War of the Rebellion: Serial 086 Page 0585 Chapter LIII. CORRESPONDENCE, ETC.-UNION.

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North agree that Lincoln is elected. Sherman has burned Atlanta, taken five army corps and gone, it is said, to Charleston, S. C., leaving Thomas with a sufficient force to look after Hood.

Truly, yours,


Assistant Adjutant-General.


Vicksburg, Miss., November 16, 1864.

Major General O. O. HOWARD,

Commanding Dept. and Army of the Tennessee, in the Field:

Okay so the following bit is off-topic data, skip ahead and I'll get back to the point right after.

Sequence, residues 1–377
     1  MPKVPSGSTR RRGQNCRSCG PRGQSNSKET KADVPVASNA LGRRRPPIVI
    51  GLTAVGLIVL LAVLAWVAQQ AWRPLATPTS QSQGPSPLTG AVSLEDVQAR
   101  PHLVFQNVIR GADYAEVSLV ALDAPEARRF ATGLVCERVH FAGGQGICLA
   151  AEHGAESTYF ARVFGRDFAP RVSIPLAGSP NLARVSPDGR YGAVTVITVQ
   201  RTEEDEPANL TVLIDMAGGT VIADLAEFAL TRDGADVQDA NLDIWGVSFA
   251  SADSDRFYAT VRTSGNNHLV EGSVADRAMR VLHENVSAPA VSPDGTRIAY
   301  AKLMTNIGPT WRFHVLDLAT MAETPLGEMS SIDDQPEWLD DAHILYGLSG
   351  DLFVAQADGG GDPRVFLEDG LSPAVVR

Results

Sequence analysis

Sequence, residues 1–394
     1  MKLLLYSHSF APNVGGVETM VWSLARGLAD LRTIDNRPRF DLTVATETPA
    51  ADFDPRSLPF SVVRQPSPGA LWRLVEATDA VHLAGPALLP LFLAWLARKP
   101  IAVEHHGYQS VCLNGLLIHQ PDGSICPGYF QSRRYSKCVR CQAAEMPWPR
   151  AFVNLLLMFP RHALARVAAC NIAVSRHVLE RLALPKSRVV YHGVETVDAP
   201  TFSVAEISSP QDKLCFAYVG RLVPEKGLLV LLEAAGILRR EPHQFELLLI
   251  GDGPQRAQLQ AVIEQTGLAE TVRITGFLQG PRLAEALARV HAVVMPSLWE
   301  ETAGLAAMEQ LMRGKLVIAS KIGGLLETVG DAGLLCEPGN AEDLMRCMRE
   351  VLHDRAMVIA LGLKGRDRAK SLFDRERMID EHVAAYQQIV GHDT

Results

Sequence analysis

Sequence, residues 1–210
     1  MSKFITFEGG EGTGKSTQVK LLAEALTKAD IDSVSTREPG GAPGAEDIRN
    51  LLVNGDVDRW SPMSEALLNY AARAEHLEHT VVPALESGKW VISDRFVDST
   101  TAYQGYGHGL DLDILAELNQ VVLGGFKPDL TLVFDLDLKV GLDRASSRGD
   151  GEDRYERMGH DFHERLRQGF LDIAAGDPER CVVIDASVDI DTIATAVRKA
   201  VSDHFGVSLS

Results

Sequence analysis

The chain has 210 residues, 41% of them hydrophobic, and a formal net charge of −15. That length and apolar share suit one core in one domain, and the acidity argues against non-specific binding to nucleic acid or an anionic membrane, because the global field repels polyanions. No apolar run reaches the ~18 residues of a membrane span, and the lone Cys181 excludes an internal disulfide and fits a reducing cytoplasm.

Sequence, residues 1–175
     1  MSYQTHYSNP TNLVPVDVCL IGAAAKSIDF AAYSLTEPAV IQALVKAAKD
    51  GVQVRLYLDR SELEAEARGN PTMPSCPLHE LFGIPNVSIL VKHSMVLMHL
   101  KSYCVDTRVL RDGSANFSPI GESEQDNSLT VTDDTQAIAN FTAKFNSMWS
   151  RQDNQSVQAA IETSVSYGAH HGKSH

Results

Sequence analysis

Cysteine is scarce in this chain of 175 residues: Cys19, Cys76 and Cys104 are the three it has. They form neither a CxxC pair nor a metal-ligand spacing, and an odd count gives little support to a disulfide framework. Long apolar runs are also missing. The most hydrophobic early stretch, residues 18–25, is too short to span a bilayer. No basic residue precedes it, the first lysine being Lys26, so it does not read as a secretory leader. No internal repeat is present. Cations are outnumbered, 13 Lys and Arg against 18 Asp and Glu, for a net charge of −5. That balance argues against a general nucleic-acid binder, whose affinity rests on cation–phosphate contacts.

GENERAL: I regret reporting that I have been for several days past and still am confined to my room by sickness. I have been expecting daily to receive orders from Major-General Canby permitting me to proceed to Memphis. My last instructions from him were to remain here until I again heard from him. Nothing has been received from Major-General Washburn, at Memphis, to excite any apprehensions for the safety of that post. He has no force with which to operate offensively or move outside his lines. The only force here available for operations against the enemy is some 2,000 cavalry. If sent off the garrison would be reduced to 5,500 effective men, about 1,500 of whom are artillerists, and almost all colored. The crest of the fortifications of Vicksburg is about five miles long; you can estimate the strength of a necessary garrison. Memphis and Natchez are also as short in effective men as here. I mention these facts by way of prelude to show that, although I have been and am planning and studying the means of breaking the enemy's communications with Corinth, and am anxious to accomplish it in some way or other, I have not the means in hand to warrant the attempt at present. I anticipate a rise in the tributaries of the Mississippi, in which event I trust to execute it with what force I have, but it would be reckless for me to move my cavalry, with the necessary infantry and artillery force to promise support, by a long land march from this post, leaving Vicksburg exposed to and in danger of disaster before I could return. Large amounts of quartermaster's ordnance, commissary, and naval stores and leather are collected at Jackson, Miss. The naval stores and leather are being shipped to Montgomery, the other supplies to Corinth, which is a depot of supplies. From twenty-five to thirty car-loads a day are sent off from Jackson. The enemy has a brigade of cavalry and tow batteries at Livingston, another brigade of cavalry at Lexington, and forces at Clinton, Brookhaven, and Canton, Miss. All of Chalmers' forces are at and above Grenada. This evidently indicates watchfulness and a determination to defeat any effort of mine to break that line. Were I to attempt now to march on Canton to burn the Big Black bridge, I certainly would be met there, if not before, with largely superior forces. The rebel troops before referred to could concentrate before I could possibly reach the object of the march, and their railroad and telegraphic facilities are such that they could promptly mass troops from all points on their lines of communications. I consider the breaking of the road below Jackson, at which point it connects with Meridian, as being of but minor importance. As I understand from Major-General Rosecrans that the Right Wing of this corps is ordered to Middle Tennessee, I do not see any early prospect of such an increase of my command as will give me a sufficient column for field service and warrant any extended operations. The Third Division of this corps, now at-